Turning point?

Whether episodes like these will prove to be a turning point for Brazilian police is yet to be seen. But some hold out hope.

“It is a big advance in the respect of public security,” said Rivaldo Barbosa, head of Rio’s Civil Police Homicide Division, of the case’s resolution. (Investigations are done by Civil Police, patrols by Military Police.)

The roots of the problem are wide and deep. There were 56,000 homicides in Brazil in 2012, the last national figures available, a 7.9 percent increase over the previous year, according to Julio Jacobo Waiselfisz from the Latin American Faculty of Social Sciences that produces Brazil’s annual “Violence Map.”

Michel Misse, a sociology professor and violence specialist at Rio’s Federal University, found in a 2010 study that just 15 percent of murders in Rio were solved. TV Globo said in April that nationally, just five percent to eight percent of murderers were punished.

Starting in 2008, the city introduced police bases into favelas, which house some of the city’s poorest people, to expel the drug gangs that had been a major contributor to crime. In 2007, there had been 2,336 homicides in Rio, according to state government figures; the number had dropped by almost half by 2012.

But the number of homicides has begun inching upward, with 1,324 homicides reported in 2013.

“This is a culture that believes that violence is something natural,” said Rodrigo Prando, a sociologist at Sao Paulo’s Mackenzie University.

With such rampant violence “the police almost have carte blanche to commit abuses,” said Maria Canineu, Brazil director of Human Rights Watch.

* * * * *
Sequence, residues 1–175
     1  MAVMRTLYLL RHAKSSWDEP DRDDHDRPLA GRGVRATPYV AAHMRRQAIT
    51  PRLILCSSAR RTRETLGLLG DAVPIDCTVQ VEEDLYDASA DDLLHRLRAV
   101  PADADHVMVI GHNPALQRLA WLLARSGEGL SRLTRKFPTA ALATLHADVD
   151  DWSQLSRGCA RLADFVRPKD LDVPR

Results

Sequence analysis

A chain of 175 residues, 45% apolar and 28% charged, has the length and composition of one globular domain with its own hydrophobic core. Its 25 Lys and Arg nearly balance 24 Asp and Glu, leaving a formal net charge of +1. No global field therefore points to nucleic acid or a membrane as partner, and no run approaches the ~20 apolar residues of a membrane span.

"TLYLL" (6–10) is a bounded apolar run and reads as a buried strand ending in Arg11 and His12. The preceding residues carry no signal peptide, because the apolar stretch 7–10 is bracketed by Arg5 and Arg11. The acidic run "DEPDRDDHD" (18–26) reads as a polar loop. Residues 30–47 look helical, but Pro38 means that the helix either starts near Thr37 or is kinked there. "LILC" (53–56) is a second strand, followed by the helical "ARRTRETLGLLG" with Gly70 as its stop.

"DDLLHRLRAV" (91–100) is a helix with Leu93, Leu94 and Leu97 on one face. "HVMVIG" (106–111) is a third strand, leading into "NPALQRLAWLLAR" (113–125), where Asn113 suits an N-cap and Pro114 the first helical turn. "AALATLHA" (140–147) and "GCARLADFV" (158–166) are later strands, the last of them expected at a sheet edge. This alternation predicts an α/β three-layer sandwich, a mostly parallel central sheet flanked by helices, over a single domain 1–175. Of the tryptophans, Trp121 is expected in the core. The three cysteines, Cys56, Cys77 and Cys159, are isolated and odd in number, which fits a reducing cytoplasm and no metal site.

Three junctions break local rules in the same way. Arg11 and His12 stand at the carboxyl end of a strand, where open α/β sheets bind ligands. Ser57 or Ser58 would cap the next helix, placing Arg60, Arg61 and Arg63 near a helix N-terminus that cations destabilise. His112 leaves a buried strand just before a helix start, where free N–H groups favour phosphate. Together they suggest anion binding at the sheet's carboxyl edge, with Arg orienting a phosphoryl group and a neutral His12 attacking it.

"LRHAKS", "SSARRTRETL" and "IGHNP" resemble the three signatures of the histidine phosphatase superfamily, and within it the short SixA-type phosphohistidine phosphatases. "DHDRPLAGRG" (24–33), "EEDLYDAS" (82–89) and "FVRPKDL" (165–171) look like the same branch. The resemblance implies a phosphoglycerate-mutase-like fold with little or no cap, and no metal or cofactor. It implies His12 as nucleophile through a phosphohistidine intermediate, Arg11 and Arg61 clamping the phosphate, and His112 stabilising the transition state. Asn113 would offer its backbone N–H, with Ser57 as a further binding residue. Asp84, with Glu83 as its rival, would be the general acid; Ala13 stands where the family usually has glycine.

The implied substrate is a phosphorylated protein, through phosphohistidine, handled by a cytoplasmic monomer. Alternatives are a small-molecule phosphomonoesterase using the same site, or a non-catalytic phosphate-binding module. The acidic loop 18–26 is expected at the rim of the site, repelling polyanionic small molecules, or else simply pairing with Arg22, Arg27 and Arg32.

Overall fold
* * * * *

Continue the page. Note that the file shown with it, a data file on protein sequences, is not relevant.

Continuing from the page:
Lack of trust

A lack of trust in law enforcement has other consequences and is being blamed for a nationwide wave of vigilante attacks, in which wrongdoers and innocent people have been beaten or even killed.

An investigation by the G1 news site documented more than 50 vigilante attacks in the first half of 2014 alone. Many attacks were filmed on cellphones.

Killings of Rio police officers are also rising. According to numbers compiled for a blog run by Rio crime journalist Roberta Trindade, 81 died in the state of Rio in 2013, up from 71 in 2012. So far this year, 46 have been killed. Nowhere is violence more in evidence than in the favelas and low-income suburbs that house Rio’s poorest.

Twenty-five police officers are on trial on charges associated with the disappearance and murder last year of one man from Rio’s Rocinha favela. Barbosa said his department is seeing success investigating such cases.